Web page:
Much Ado About Nothing (2013)


If you ever wondered what actors do when they have some spare time, this is a pretty good example. We really do get together and read plays in living rooms for fun. Yes, often with a lot of alcohol present, though not always. That it led to a film is less natural, but not surprising given the attendees that birthed the effort. I’ve made no secret that I think Joss is brilliant, so I really wanted to like this film; and, frankly, more than I did. I still was impressed with aspects and with the commentary (so far), but he’s playing in a different league taking on the Bard and I bring a lot of my own background to it.

The last film adaptation of this Shakespeare classic I saw was Branagh’s back in 1993. The comedies aren’t really my favorites, I’m more for the tragedies and historicals (TempestThe Hollow CrownCoriolanus). The comedies are Elizabethan sit-coms; light fare with lots of great moments of language wrapped up in, often, ridiculous plots. With the exception Twelfth Night and Midsummer Night’s Dream, they also tend to be much harder to understand as they are witty, often time-based or culturally/politically unique banter. And so much of the impact is supposed to be the banter. It’s like watching an old episode of South Park that is riffing on a 15 year old, forgotten news event. It may still be funny, but a lot of it is lost in time. 

The opening of this latest adaptation certainly suffers from the thick language and old repartee, so much so that Whedon put the credits over the scene to distract audiences and allow them time to sink into the film without worrying about trying to translate to modern meanings (by his own commentary admission). The updated time period attempts to bring it into more familiar territory–but in some ways it clashes as they are talking about princes and counts and wars that are rather at odds with the expectations rather than making them feel more natural.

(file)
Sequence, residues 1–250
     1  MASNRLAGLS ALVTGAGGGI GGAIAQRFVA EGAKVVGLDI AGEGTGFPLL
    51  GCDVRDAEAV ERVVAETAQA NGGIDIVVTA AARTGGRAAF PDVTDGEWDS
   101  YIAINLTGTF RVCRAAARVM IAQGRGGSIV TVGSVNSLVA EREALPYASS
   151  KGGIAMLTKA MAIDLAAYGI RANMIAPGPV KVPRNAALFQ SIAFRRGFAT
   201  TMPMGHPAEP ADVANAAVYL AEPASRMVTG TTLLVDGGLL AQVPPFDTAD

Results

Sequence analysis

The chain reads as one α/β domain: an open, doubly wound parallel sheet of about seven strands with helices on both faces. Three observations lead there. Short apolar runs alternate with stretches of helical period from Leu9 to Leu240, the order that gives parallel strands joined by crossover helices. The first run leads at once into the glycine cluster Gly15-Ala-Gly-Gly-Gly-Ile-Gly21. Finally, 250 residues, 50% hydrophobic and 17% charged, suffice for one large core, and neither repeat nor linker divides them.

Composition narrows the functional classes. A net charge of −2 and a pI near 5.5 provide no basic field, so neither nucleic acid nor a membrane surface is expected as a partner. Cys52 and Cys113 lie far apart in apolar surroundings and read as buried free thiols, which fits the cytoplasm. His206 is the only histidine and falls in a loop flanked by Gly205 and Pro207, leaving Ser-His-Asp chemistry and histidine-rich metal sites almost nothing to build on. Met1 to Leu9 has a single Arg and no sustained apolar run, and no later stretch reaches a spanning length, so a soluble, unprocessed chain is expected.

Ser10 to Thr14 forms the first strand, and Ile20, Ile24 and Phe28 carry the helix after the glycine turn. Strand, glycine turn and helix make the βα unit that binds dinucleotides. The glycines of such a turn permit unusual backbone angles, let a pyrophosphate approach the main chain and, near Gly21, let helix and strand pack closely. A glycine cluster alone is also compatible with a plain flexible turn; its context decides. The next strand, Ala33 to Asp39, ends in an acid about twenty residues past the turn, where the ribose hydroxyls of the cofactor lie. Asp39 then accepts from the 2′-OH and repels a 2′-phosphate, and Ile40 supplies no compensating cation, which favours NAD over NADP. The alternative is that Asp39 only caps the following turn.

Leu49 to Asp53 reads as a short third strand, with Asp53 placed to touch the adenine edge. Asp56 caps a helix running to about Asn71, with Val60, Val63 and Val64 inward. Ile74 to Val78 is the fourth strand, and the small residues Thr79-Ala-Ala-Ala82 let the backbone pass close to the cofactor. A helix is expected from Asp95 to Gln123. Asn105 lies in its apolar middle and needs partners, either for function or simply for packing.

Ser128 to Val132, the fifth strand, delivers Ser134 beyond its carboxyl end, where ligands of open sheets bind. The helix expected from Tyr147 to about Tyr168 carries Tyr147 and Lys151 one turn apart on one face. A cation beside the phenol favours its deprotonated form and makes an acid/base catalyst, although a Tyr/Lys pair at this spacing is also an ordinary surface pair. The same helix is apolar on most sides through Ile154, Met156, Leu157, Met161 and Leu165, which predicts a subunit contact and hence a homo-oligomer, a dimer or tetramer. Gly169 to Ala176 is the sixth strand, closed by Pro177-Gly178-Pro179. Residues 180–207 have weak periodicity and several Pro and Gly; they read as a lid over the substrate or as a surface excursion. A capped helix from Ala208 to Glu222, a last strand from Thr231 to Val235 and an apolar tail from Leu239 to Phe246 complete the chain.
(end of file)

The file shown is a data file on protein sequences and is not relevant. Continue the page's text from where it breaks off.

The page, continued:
The struggle here is one every adaptation runs up against. Sometimes the translation in time works brilliantly as the themes of the play and the issues of the time relfect one another well. Richard III comes to mind. In this case, however, I couldn’t really find a good reason for the translation… and it wasn’t even consistent in place and dress. It had an early 20th Century feel, but a modern home and conveniences (and cell phones). It was a bit of a confused mess design-wise. That said, the visual choices and the black & white film presentation felt sumptuous, which did support the characterizations.

The cast are all competent, and draw from all over the Whedon-verse (dive in and be surprised), though Acker and Denisoff truly do stand out both in ability and in their lead roles. Each deftly slides between broad humor and deep drama effortlessly.

When you realize that this was a home movie (literally at Whedon’s abode) shot, edited, and produced during Joss’ time with The Avengers, the result is Herculean. But judged on its own merits, it is simply serviceable and entertaining. Enough for lovers of the comedies to watch, and enough for lovers of Joss to see and own (particularly if you enjoy his commentary tracks). It certainly doesn’t break new ground, but neither does it salt the earth. I’d love to see what he could do with a classic text given more time and budget. For now, this was a good diversion and a chance to see a lot of familiar faces doing very unfamiliar roles.

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